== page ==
Particularly useful compounds of the formula (XIVd) are those in which

  • M1E is titanium or zirconium, in particular titanium, and
  • XE is chlorine, C1-C4-alkyl or phenyl or two radicals X form a substituted or unsubstituted butadiene ligand,
  • R15E is

  •  or ═BR16E or ═BNR16ER17E,
  • A1E is

  • t is 1 or 2, preferably 2,
  • R1E to R3E and R5E are each hydrogen, C1-C10-alkyl, preferably methyl, C3-C10-cycloalkyl, C6-C15-aryl, NR8E 2 or Si(R8)3, or two adjacent radicals form a cyclic group having from 4 to 12 carbon atoms, with particular preference being given to all R1E to R3E and R5E being methyl.

Particularly useful complexes D) of the formula (XIVd) are dimethylsilanediyl(tetramethylcyclopentadienyl)(benzylamino)titanium dichloride, dimethylsilanediyl(tetramethylcyclopentadienyl)(tert-butylamino)titanium dichloride, dimethylsilanediyl(tetramethylcyclopentadienyl)(adamantyl)titanium dichloride and dimethylsilanediyl(indenyl)(tert-butylamino)titanium dichloride.

Another group of compounds of the formula (XIVd) which are particularly useful are those in which

  • M1E is titanium, vanadium or chromium, preferably in the oxidation state III, and
  • XE is chlorine, C1-C4-alkyl or phenyl or two radicals XE form a substituted or unsubstituted butadiene ligand,
  • R15E is

  • A1E is —O—R9E, —NR19E 2, —PR19E 2 or an unsubstituted, substituted or fused, heterocyclic, in particular heteroaromatic, ring system,
  • v is 1 or when A1E is an unsubstituted, substituted or fused, heterocyclic ring system may be 0 or 1,
  • R1E to R3E and R5E are each hydrogen, C1-C10-alkyl, C3-C10-cycloalkyl, C6-C15-aryl or Si(R8E)3, or two adjacent radicals form a cyclic group having from 4 to 12 carbon atoms.

In a preferred embodiment, A1E is an unsubstituted, substituted or fused, heteroaromatic ring system and M1E is chromium. Very particular preference is given to A being an unsubstituted or substituted, e.g. alkyl-substituted quinolyl or pyridyl bound in position 8 or 2, e.g. 8-quinolyl, 8-(2-methylquinolyl), 8-(2,3,4-trimethylquinolyl), 8-(2,3,4,5,6,7-hexamethylquinolyl), v being 0 and M1E being chromium. Preferred catalysts D) of this type are 1-(8-quinolyl)-2-methyl-4-methylcyclopentadienylchromium(III) dichloride, 1-(8-quinolyl)-3-isopropyl-5-methylcyclopentadienylchromium(III) dichloride, 1-(8-quinolyl)-3-tert-butyl-5-methylcyclopentadienylchromium(III) dichloride, 1-(8-quinolyl)-2,3,4,5-tetramethylcyclopentadienylchromium(III) dichloride, 1-(8-quinolyl)tetrahydroindenylchromium(III) dichloride, 1-(8-quinolyl)indenylchromium(III) dichloride, 1-(8-quinolyl)-2-methylindenylchromium(III) dichloride, 1-(8-quinolyl)-2-isopropylindenylchromium(III) dichloride, 1-(8-quinolyl)-2-ethylindenylchromium(III) dichloride, 1-(8-quinolyl)-2-tert-butylindenylchromium(III) dichloride, 1-(8-quinolyl)benzindenylchromium(III) dichloride, 1-(8-quinolyl)-2-methylbenzindenylchromium(III) dichloride, 1-(8-(2-methylquinolyl))-2-methyl-4-methylcyclopentadienylchromium(III) dichloride, 1-(8-(2-methylquinolyl)-2,3,4,5-tetramethylcyclopentadienylchromium(III) dichloride, 1-(8-(2-methylquinolyl))tetrahydroindenylchromium(III) dichloride, 1-(8-(2-methylquinolyl))indenylchromium(III) dichloride, 1-(8-(2-methylquinolyl))-2-methylindenylchromium(III) dichloride, 1-(8-(2-methylquinolyl))-2-isopropylindenylchromium(III) dichloride, 1-(8-(2-methylquinolyl))-2-ethylindenylchromium(III) dichloride, 1-(8-(2-methylquinolyl))-2-tert-butylindenylchromium(III) dichloride, 1-(8-(2-methylquinolyl))benzindenylchromium(III) dichloride or 1-(8-(2-methylquinolyl))-2-methylbenzindenylchromium(III) dichloride.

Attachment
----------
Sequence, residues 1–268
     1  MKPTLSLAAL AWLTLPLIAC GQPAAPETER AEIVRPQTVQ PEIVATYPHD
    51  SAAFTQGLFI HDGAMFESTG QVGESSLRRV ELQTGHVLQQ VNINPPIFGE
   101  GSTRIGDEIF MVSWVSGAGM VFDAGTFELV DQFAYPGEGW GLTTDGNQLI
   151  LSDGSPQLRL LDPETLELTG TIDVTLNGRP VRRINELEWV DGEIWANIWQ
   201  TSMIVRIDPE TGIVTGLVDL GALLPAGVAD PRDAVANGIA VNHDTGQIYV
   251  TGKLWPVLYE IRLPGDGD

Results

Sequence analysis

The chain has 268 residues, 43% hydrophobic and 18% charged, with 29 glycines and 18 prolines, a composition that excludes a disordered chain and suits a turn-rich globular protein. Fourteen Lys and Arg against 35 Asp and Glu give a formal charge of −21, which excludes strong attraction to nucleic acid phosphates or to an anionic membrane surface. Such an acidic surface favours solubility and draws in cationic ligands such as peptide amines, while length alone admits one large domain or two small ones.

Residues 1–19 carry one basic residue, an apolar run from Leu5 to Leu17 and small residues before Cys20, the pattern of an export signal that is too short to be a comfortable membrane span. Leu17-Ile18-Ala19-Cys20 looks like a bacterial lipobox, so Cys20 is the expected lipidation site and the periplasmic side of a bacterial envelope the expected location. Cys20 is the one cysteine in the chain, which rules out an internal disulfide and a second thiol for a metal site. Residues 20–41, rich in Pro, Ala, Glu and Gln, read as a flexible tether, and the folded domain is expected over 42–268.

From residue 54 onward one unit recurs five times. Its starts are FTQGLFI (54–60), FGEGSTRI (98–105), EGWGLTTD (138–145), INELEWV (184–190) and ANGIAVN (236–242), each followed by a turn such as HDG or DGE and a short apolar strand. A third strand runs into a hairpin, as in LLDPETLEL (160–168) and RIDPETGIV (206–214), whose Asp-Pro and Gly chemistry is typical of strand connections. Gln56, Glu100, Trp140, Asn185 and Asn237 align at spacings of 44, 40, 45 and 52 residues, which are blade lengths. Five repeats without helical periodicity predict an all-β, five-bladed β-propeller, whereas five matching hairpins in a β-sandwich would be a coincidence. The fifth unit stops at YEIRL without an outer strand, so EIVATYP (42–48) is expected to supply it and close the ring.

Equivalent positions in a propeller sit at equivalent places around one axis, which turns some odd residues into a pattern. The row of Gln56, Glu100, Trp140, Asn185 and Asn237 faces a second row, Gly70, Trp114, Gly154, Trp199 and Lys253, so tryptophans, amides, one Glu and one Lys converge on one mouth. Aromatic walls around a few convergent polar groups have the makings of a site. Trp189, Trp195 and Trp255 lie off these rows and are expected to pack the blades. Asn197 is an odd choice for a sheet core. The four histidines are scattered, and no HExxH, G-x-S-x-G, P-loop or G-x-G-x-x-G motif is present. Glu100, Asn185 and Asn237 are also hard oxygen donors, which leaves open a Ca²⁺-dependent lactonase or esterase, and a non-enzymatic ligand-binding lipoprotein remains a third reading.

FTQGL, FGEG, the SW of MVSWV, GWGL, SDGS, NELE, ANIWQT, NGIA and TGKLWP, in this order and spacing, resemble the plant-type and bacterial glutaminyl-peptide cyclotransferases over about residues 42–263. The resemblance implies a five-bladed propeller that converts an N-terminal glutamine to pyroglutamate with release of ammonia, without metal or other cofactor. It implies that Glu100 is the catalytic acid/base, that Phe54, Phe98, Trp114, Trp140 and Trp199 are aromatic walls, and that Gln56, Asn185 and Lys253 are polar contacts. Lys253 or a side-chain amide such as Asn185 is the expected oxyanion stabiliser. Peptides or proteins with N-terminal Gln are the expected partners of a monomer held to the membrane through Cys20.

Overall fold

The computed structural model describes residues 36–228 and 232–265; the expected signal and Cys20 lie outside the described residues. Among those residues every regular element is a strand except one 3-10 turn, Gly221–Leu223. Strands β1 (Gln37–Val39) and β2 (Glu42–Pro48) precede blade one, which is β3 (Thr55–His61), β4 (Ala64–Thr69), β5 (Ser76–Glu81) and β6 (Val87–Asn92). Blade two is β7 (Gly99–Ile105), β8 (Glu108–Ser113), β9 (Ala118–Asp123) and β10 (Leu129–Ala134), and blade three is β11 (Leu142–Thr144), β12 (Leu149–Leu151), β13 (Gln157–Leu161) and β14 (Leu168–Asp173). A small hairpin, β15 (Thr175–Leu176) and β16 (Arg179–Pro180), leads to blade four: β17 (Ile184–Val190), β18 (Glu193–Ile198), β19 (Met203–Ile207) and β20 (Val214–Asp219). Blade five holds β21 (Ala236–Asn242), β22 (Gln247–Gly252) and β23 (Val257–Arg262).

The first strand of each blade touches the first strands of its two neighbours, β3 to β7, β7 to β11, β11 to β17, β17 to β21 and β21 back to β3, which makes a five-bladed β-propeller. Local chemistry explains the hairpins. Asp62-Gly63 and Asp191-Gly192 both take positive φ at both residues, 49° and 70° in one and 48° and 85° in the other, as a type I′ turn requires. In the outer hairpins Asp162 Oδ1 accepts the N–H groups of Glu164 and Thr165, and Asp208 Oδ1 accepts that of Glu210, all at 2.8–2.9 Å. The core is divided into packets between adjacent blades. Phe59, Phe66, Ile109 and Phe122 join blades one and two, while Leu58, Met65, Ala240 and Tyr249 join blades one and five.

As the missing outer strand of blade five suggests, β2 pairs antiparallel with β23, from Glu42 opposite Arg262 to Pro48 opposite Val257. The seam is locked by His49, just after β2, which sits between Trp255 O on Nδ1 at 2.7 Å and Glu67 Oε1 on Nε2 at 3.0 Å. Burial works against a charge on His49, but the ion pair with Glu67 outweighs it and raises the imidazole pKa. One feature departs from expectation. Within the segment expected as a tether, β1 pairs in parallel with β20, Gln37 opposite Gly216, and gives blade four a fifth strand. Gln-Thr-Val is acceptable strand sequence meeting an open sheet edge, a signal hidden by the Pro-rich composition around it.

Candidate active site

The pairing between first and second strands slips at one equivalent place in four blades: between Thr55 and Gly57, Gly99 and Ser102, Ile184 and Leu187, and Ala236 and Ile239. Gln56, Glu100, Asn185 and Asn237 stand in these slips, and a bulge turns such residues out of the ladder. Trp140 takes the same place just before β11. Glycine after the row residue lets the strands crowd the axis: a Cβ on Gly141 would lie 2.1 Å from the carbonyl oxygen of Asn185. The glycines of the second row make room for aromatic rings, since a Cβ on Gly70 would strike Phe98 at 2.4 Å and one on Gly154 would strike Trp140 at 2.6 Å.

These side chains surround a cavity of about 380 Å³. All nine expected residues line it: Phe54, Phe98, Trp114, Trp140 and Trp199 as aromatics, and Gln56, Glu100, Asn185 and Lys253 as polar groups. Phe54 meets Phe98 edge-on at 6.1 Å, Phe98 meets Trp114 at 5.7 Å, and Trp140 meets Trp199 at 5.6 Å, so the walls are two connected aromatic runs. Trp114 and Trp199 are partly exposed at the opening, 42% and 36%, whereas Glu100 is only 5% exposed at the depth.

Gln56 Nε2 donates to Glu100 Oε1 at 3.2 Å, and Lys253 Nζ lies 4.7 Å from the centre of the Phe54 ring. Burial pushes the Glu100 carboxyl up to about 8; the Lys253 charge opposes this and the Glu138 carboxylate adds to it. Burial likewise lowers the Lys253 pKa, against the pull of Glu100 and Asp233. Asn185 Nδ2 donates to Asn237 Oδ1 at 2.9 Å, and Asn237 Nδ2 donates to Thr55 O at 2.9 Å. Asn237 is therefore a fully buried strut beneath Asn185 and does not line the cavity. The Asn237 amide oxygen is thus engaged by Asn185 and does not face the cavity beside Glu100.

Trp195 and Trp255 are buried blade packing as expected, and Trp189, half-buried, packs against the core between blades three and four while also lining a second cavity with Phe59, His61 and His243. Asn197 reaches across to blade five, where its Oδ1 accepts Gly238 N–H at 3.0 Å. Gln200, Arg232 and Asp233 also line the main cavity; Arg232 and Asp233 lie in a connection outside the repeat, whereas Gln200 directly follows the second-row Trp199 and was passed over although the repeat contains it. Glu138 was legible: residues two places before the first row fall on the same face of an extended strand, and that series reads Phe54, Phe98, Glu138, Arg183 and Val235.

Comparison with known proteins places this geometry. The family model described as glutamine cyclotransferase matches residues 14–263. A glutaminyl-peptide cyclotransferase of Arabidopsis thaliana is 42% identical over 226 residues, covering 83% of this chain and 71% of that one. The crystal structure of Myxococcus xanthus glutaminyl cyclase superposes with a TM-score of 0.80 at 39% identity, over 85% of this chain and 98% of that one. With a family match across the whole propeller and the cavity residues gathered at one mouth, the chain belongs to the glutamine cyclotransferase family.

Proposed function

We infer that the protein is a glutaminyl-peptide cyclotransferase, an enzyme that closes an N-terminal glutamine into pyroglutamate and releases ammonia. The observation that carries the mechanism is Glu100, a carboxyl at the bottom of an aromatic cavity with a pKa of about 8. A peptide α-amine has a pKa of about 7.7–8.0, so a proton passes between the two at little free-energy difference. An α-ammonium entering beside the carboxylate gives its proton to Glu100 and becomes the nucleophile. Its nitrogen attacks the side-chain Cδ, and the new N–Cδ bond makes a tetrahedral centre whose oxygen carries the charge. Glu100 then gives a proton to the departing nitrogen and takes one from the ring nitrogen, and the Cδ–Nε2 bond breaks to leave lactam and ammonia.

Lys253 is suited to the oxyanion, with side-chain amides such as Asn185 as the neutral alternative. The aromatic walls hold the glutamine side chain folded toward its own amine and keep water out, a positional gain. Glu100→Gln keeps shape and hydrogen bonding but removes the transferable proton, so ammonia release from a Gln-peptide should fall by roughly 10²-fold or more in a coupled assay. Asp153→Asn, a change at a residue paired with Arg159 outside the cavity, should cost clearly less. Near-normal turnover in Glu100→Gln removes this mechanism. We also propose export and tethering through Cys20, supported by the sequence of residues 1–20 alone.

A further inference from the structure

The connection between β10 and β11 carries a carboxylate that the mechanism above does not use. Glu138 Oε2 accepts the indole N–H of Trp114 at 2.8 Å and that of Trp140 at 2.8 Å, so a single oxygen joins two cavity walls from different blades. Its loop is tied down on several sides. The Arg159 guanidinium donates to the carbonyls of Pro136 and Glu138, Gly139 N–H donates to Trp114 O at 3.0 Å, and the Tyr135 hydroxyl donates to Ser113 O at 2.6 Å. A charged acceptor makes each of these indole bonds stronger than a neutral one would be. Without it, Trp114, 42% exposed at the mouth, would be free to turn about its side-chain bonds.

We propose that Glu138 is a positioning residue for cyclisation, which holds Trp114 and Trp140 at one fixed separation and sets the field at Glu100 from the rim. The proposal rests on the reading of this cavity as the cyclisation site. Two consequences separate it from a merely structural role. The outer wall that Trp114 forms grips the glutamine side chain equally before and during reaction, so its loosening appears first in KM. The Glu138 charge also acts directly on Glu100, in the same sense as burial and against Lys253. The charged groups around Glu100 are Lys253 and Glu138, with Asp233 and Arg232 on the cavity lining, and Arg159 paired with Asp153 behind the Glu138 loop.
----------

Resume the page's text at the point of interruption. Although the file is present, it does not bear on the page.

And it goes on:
Furthermore, owing to the ease of preparation, preference is given to compounds in which R15E is CH═CH or 1,2-phenylene and A1E is NR19E 2, and compounds in which R15E is CH2, C(CH3)2 or Si(CH3)2 and A1E is unsubstituted or substituted 8-quinolyl or unsubstituted or substituted 2-pyridyl.